Three Passages: Ping’an, Heru, and Fengju

Wang XizhiAD 265-AD 420

National Palace Museum

National Palace Museum
Taipei, Taiwan

Wang Xizhi, a famous calligrapher of the Eastern Jin period, established the paragons for modern cursive and running scripts, leading him to become known as the "Sage Calligrapher."

"Ping'an" and "Heru" were two letters written by Wang, while "Fengju" originally was appended to the "Heru" letter. During the history of their circulation, "Ping'an" lost its last two lines and "Fengru" became an independent work. The three were mounted together in the late Ming dynasty (1368-1644) and inscriptions of appreciation from elsewhere by Ouyang Xiu (1007-1072) and others added. The three passages here are all precise copies from the Tang dynasty done using fine outlines filled with ink, a technique also used for the date, title, and signature parts as well. The silk-like lines reveal the use of a centered brush, representing Wang's supreme balance of brush quickness, roundness, and variations to the starts and stops. The characters range in size, position, openness, and slant: No two are alike, yet all highlight each other, demonstrating the artist's great creativity.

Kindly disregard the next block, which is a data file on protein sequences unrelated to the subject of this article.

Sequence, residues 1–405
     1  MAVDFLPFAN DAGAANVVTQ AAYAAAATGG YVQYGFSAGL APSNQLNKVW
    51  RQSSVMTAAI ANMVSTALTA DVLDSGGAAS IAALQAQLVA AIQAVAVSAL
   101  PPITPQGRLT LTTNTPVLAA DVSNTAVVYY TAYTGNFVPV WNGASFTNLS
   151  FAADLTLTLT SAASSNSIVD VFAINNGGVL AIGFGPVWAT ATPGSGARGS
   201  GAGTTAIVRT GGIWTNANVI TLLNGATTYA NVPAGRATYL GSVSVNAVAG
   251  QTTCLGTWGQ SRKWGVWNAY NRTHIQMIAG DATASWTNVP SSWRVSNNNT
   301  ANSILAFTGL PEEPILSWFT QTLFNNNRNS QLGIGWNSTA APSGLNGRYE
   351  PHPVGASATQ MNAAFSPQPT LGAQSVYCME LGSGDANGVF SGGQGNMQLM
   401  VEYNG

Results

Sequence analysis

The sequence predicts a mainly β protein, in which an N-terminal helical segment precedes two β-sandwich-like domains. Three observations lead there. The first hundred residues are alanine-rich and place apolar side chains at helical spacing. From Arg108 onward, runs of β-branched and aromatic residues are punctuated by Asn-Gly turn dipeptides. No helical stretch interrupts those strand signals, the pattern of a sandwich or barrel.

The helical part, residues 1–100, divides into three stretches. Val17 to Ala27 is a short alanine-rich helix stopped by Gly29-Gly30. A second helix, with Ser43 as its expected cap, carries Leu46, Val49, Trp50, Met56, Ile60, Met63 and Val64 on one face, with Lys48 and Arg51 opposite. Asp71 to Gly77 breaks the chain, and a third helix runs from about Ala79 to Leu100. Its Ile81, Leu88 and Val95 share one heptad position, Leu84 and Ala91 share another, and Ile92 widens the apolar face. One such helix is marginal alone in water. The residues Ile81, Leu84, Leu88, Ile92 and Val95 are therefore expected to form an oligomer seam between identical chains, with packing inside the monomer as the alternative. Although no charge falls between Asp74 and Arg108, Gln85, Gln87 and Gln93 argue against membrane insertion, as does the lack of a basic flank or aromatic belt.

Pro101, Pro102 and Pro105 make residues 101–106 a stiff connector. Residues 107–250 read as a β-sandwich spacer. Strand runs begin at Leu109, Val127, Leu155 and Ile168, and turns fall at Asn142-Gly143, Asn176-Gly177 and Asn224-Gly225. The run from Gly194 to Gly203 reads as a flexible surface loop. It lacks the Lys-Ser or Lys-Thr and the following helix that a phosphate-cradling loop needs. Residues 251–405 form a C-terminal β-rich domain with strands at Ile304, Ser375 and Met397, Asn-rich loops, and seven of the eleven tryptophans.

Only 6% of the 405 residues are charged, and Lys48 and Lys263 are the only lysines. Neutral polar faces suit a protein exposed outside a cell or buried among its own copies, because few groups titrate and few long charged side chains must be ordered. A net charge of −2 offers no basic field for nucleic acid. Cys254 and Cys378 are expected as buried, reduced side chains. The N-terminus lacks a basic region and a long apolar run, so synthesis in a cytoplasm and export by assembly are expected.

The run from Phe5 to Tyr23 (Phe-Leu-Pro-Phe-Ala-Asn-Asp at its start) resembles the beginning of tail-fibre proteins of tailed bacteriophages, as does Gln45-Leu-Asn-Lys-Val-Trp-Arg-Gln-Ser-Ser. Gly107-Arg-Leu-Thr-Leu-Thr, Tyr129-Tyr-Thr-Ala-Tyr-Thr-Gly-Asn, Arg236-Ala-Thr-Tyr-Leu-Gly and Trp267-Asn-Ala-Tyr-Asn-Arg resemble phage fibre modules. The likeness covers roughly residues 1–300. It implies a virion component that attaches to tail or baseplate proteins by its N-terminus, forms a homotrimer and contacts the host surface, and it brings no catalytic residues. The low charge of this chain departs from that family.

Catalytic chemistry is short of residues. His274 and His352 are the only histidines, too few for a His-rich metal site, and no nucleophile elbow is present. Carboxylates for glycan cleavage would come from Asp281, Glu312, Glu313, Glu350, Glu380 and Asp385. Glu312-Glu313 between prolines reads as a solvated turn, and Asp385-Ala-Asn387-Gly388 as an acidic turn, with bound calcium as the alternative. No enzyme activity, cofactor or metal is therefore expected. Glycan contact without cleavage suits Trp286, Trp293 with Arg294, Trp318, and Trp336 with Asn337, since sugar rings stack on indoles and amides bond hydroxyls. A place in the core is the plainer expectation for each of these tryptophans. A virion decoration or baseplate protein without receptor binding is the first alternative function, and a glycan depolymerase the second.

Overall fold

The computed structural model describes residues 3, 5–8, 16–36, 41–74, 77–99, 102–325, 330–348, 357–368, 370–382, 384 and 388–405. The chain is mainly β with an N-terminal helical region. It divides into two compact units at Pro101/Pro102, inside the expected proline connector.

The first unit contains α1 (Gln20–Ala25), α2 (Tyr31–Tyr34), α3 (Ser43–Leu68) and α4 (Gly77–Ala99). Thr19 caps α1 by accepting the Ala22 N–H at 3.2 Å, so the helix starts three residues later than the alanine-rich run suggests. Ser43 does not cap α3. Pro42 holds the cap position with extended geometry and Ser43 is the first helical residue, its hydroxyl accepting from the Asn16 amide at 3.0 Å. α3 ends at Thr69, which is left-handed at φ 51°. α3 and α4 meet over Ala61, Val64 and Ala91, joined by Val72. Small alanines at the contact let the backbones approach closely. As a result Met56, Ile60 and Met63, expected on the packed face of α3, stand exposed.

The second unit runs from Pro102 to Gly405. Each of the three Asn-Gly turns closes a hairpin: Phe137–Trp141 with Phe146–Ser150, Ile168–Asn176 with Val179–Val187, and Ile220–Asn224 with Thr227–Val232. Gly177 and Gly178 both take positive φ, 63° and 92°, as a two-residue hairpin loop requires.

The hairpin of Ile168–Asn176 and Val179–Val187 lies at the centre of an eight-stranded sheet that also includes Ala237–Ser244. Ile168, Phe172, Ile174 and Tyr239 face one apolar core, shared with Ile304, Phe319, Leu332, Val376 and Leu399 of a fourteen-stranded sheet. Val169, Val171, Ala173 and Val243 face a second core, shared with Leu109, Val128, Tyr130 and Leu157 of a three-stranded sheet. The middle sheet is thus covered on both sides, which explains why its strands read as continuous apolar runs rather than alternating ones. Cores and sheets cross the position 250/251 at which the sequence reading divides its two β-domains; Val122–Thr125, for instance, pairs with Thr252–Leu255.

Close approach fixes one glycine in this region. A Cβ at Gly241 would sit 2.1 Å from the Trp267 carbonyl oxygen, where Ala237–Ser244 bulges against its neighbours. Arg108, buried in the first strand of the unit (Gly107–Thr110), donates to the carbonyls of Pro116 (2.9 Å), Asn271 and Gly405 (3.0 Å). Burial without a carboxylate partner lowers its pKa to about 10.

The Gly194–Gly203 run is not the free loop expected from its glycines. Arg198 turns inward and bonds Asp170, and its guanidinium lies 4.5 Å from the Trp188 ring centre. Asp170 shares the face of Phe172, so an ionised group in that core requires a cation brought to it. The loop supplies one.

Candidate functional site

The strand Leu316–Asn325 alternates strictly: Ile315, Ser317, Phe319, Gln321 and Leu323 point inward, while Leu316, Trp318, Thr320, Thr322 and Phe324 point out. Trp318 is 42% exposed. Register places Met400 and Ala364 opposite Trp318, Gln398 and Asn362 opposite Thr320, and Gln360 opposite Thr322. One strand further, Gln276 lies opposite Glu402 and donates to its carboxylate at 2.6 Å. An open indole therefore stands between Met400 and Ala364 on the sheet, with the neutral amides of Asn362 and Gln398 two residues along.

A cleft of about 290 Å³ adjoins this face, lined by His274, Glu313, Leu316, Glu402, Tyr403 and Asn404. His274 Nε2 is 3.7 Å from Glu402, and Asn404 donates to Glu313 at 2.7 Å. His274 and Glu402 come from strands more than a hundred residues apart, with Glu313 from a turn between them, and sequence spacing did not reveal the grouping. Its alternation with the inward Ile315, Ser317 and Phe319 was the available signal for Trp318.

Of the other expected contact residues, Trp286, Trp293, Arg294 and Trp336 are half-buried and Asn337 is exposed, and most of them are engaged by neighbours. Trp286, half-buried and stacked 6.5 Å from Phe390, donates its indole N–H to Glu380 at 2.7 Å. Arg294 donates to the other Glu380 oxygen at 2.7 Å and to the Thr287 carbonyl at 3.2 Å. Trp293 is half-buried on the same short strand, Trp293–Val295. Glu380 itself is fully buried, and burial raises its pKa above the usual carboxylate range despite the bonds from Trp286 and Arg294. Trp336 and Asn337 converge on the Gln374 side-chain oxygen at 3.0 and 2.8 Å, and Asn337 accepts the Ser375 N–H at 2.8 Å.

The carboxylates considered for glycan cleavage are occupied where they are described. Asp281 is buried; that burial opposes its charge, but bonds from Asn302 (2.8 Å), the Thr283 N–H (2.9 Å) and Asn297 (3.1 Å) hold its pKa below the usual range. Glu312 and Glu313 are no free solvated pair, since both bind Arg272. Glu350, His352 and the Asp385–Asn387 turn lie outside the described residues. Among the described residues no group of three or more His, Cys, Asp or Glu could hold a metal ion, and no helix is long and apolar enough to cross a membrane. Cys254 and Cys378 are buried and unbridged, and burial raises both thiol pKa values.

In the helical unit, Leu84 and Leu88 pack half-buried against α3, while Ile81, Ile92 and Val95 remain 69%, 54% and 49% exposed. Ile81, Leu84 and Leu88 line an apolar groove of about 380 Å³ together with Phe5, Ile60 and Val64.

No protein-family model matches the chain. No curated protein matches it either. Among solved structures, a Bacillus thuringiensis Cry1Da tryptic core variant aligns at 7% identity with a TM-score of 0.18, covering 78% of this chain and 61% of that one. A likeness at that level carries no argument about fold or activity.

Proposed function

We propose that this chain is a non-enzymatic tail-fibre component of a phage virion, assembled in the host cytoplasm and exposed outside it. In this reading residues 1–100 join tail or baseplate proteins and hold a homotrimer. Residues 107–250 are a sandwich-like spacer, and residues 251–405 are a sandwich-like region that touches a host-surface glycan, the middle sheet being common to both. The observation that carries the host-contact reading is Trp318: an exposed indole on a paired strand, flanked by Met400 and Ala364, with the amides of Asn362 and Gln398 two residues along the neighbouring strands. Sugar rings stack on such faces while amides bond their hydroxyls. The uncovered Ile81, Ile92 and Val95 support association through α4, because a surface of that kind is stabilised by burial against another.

• Title: Three Passages: Ping’an, Heru, and Fengju
  • Creator: Wang Xizhi (303-361)
  • Date Created: AD 265-AD 420
  • Physical Dimensions: 24.7 x 47.3 cm
  • Type: Handscroll
  • Rights: National Palace Museum
  • Medium: Ink on paper
  • Dynasty: Chin dynasty

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